For those who are curious “Spoofing” is defined by using a disruptive algorithm program where traders try to outpace other market participants and manipulate commodity markets. When trading in the futures markets, Spoofers engage in tactics creating the illusion that many bids or offers for size are being inputted and then cancelled. When one looks at the depth of the market and sees the size of a bid or offer, one would think there is a significant amount of support or resistance at a particular level. These tactics are illegal and the CME is watching closely to make sure no one’s playing this game.
There are so many times in our market, such as right after a comment from a Fed president or a unexpected jobs number report is released, when we see gold go up or down in a blink of an eye. Sometimes $20 or $30 dollars. After reading this do you think it was done by a guy buying a couple of future contracts? Obviously, algorithmic program trading kicked in and caused the market to move as it did.
Algorithms are programs for the professional institution trader. One reason why the traditional physical metals investor should not be overly concerned about program trading is that these programs are short term strategies that involve significant risk. For the standard investor, buying precious metals is a long term investment used as a portfolio diversifier and hedge against other investments. Milliseconds generally do not make a material difference when holding metals for the long term.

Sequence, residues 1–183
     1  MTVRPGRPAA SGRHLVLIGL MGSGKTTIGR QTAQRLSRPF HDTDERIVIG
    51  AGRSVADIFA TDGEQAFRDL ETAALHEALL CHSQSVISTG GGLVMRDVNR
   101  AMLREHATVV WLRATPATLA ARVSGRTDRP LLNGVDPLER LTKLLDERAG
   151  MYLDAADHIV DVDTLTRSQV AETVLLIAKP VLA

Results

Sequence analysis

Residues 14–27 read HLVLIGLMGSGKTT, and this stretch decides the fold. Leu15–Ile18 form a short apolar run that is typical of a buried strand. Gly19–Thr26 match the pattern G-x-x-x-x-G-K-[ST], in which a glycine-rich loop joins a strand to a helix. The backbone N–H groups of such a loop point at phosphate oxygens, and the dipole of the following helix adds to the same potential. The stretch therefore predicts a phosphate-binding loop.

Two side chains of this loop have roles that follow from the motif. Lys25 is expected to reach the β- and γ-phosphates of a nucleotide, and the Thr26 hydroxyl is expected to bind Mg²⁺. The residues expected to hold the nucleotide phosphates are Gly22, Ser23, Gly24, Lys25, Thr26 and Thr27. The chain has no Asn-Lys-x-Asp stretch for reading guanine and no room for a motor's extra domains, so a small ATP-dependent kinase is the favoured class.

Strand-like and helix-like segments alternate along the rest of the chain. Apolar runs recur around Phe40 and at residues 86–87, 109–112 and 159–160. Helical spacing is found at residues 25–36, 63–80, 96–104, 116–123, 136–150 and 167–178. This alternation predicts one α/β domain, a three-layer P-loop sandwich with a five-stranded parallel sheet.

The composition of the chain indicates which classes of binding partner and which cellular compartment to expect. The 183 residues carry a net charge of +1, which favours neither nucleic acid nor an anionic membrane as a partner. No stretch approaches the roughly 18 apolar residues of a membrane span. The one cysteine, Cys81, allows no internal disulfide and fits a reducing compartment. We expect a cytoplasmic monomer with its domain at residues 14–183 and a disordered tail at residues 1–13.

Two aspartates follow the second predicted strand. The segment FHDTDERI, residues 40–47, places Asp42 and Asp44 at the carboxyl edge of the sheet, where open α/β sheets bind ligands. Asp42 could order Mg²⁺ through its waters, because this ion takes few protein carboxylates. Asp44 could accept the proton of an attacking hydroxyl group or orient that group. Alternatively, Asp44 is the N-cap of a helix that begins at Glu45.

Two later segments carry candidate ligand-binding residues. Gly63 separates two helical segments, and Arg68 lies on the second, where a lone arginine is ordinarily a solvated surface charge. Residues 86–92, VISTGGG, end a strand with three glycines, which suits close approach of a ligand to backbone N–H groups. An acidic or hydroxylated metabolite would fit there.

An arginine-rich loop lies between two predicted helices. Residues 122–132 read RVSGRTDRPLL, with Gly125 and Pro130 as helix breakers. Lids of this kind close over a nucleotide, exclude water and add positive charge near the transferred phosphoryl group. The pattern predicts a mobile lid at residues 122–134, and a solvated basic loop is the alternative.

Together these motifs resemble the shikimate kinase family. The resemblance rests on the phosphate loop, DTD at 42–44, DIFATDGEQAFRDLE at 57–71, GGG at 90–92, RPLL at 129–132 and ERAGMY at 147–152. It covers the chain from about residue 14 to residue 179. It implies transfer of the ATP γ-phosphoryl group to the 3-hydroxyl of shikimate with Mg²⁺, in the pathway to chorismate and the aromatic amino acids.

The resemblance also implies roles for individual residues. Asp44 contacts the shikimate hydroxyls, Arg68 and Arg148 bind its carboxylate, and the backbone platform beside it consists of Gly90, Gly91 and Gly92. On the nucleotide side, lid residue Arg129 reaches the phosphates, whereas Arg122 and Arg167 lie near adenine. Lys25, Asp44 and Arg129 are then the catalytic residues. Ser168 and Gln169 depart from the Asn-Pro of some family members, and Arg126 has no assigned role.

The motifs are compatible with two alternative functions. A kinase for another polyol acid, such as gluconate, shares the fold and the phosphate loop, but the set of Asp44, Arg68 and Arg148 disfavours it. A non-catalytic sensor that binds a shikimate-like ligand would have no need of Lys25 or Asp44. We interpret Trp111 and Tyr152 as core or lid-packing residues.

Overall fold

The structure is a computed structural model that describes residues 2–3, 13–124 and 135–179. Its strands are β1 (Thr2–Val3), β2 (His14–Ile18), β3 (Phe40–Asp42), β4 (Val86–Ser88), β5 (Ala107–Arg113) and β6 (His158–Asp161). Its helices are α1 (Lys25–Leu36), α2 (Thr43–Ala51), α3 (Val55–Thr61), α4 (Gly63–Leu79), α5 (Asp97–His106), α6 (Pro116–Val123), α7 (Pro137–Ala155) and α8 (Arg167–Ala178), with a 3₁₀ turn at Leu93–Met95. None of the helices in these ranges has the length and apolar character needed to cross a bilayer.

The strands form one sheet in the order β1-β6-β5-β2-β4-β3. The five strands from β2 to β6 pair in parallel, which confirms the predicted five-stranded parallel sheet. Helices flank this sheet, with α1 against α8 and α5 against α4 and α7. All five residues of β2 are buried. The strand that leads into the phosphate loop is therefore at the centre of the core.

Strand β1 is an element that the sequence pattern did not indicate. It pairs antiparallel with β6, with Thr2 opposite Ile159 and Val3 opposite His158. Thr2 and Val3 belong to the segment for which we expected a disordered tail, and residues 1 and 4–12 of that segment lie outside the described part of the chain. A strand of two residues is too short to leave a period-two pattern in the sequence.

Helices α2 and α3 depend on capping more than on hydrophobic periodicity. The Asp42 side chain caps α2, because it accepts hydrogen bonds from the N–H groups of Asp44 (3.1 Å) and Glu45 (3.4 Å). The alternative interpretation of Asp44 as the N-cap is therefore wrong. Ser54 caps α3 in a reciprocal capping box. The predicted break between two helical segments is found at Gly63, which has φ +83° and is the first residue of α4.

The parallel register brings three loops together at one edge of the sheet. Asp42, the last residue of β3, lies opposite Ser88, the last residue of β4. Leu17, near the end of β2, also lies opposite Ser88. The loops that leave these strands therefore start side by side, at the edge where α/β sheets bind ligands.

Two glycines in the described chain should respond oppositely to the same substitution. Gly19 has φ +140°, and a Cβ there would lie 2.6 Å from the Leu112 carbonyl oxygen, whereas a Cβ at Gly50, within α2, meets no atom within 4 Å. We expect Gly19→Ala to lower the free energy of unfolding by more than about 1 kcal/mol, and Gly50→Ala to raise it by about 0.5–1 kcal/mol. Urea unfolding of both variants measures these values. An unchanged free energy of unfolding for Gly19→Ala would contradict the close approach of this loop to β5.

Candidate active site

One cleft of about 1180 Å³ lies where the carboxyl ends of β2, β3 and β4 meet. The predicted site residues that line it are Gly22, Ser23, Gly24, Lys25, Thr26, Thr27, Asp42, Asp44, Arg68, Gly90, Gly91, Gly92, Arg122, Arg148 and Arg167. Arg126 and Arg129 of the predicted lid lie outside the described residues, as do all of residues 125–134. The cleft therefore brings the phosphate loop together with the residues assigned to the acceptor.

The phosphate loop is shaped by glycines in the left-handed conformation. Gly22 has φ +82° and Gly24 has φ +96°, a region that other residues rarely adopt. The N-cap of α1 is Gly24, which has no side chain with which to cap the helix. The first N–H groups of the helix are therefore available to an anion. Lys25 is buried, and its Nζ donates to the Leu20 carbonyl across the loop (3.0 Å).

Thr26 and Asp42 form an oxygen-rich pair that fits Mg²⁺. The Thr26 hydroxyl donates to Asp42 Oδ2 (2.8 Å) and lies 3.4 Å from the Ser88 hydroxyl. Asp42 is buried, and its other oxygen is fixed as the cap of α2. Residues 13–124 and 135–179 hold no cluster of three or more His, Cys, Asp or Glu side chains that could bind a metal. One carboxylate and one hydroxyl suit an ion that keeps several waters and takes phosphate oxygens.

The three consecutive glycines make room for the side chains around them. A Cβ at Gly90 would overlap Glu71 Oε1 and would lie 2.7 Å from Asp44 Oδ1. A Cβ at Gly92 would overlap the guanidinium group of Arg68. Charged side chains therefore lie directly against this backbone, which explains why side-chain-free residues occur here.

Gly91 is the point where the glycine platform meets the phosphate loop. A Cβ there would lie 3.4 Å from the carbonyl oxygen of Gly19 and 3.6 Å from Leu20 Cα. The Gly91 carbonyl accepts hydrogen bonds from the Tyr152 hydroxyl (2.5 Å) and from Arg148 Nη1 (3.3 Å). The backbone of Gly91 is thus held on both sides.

Have a wonderful Wednesday.
Disclaimer: This editorial has been prepared by Walter Pehowich of Dillon Gage Metals. This document is for information and thought-provoking purposes only and does not purport to predict or forecast actual results. It is not, and should not be regarded as investment advice or as a recommendation regarding any particular security, commodity or course of action. Opinions expressed herein are current opinions as of the date appearing in this editorial only and are subject to change without notice and cannot be attributable to Dillon Gage. Reasonable people may disagree about the opinions expressed herein. In the event any of the assumptions used herein do not come to fruition, results are likely to vary substantially. All investments entail risks. There is no guarantee that investment strategies will achieve the desired results under all market conditions and each investor should evaluate its ability to invest for a long term especially during periods of a market downturn. No part of this editorial may be reproduced in any manner, in whole or in part, without the prior written permission of Dillon Gage Metals. This information is provided with the understanding that with respect to the opinions provided herein, that you will make your own independent decision with respect to any course of action in connection herewith and as to whether such course of action is appropriate or proper based on your own judgment, and that you are capable of understanding and assessing the merits of a course of action. You may not rely on the statements contained herein. Dillon Gage Metals shall not have any liability for any damages of any kind whatsoever relating to this editorial. You should consult your advisors with respect to these areas. By posting this editorial, you acknowledge, understand and accept this disclaimer.